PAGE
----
Chapter 2

There was a time when Professor Lucy Gold, PhD in both English and psychology, loved office hours.

It was a chance to sit one-on-one with students and really get to know them. She loved when the quiet ones who sat in the back with their heads down, taking notes as though it were dictation, the ones who had their hair hanging in front of their faces like a protective curtain, when they arrived at her door and raised their eyes and told her what was in their hearts.

But most of the time, like now, the students who showed up were the brown nosers, the ones who felt that their grade should depend solely on their outward enthusiasm, that the more face time they got, the higher the grade, as though being an extrovert was not rewarded enough in this country.

"Professor Gold," the girl named Sylvia Potter said. Lucy imagined her a little younger, in middle school. She would have been the annoying girl who arrived the morning of a big test whining that she was going to fail and then ended up being the first one done, smugly handing in her A-plus paper early, and using the rest of the class time to put reinforcements in her notebook.

"Yes, Sylvia?"

"When you were reading that passage from Yeats in class today, I mean, I was so moved. Between the actual words and the way you can use your voice, you know, like a professional actress..."

Lucy Gold was tempted to say, "Do me a favor, just bake me some brownies," but she kept the smile on instead. No easy task. She glanced at her watch and then felt like crap for doing that. Sylvia was a student trying her best. That was all. We all find our ways to cope, to adapt and survive. Sylvia's way was probably wiser and less self-destructive than most.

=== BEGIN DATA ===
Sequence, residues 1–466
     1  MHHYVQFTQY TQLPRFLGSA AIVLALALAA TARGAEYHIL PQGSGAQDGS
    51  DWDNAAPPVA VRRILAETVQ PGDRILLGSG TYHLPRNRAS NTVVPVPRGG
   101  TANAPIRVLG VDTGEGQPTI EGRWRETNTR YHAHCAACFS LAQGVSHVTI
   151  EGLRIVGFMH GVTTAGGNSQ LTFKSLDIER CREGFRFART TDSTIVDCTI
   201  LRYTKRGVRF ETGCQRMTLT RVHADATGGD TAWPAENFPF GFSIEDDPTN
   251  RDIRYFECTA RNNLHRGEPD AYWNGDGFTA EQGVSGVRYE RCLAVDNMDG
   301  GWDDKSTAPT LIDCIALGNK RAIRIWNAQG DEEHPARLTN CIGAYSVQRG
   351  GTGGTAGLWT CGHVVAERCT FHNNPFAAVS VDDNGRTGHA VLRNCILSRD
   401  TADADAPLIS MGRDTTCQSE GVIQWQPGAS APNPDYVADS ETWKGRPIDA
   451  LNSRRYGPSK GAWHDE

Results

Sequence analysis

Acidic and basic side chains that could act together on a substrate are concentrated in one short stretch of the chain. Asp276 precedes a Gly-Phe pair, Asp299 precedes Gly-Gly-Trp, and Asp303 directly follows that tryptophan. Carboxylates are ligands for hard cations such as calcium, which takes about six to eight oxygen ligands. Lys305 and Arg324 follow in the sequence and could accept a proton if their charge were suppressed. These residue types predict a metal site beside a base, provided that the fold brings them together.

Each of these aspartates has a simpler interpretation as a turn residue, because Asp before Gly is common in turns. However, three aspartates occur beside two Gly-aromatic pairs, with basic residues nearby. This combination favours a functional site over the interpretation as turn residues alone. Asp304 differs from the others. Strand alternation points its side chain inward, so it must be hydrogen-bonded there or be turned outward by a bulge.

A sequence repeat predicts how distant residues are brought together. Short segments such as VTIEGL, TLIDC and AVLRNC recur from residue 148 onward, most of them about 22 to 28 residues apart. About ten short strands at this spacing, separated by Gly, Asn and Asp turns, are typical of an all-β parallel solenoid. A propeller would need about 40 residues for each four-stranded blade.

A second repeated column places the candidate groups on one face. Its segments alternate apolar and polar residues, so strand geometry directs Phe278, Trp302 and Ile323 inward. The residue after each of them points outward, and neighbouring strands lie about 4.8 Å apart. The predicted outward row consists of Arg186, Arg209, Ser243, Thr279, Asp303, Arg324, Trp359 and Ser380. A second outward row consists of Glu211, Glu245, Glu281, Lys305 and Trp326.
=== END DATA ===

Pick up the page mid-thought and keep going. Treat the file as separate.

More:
"I loved writing that journal piece too," she said.

"I'm glad." "Mine was about... well, my first time, if you know what I mean..." Lucy nodded. "We're keeping them confidential and anonymous, remember?" "Oh, right." She glanced down now. Lucy wondered about that. Sylvia never looked down. "Maybe after I read them all," Lucy said, "if you want, we can talk about yours. In private."

Her head was still down.


The girl's voice was very soft. "Okay."

Office hours were over. Lucy wanted to get home. She tried not to sound halfhearted when she asked, "Do you want to talk about it now?"


Sylvia's head was still down.

"Okay then," Lucy said, making a production of looking at her watch. "I have a staff meeting in ten minutes."

Sylvia stood. "Thank you for meeting with me."

"My pleasure, Sylvia."

Sylvia looked as if she wanted to say something more. But she didn't. Five minutes later, Lucy stood at her window and looked down at the quad. Sylvia walked out the door, wiped her face, set the head high, forced up a smile. She started walk-skipping across campus. Lucy watched her wave at her fellow students, fall in with a group, and blend with the others until Sylvia became an indistinct part of the mass.

Lucy turned away. She caught her reflection in the mirror and did not like what she saw. Had that girl been calling out for help?

Probably, Luce, and you didn't answer. Nice work, superstar.

She sat at her desk and opened the bottom drawer. The vodka was there. Vodka was good. You didn't smell vodka.